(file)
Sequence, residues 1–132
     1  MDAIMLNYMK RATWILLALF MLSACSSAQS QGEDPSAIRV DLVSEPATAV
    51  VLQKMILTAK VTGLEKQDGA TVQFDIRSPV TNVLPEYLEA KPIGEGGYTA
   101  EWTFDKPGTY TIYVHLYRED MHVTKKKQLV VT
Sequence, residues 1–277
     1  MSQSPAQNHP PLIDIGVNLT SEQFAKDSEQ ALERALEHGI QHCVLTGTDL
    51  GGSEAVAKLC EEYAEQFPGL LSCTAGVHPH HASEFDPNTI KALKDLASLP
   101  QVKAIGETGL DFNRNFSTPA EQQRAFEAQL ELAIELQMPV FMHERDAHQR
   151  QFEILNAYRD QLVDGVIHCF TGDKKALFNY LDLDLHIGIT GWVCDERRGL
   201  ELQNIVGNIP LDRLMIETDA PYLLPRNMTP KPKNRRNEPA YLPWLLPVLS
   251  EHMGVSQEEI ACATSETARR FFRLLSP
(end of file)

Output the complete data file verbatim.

Sequence, residues 1–132
     1  MDAIMLNYMK RATWILLALF MLSACSSAQS QGEDPSAIRV DLVSEPATAV
    51  VLQKMILTAK VTGLEKQDGA TVQFDIRSPV TNVLPEYLEA KPIGEGGYTA
   101  EWTFDKPGTY TIYVHLYRED MHVTKKKQLV VT
Sequence, residues 1–277
     1  MSQSPAQNHP PLIDIGVNLT SEQFAKDSEQ ALERALEHGI QHCVLTGTDL
    51  GGSEAVAKLC EEYAEQFPGL LSCTAGVHPH HASEFDPNTI KALKDLASLP
   101  QVKAIGETGL DFNRNFSTPA EQQRAFEAQL ELAIELQMPV FMHERDAHQR
   151  QFEILNAYRD QLVDGVIHCF TGDKKALFNY LDLDLHIGIT GWVCDERRGL
   201  ELQNIVGNIP LDRLMIETDA PYLLPRNMTP KPKNRRNEPA YLPWLLPVLS
   251  EHMGVSQEEI ACATSETARR FFRLLSP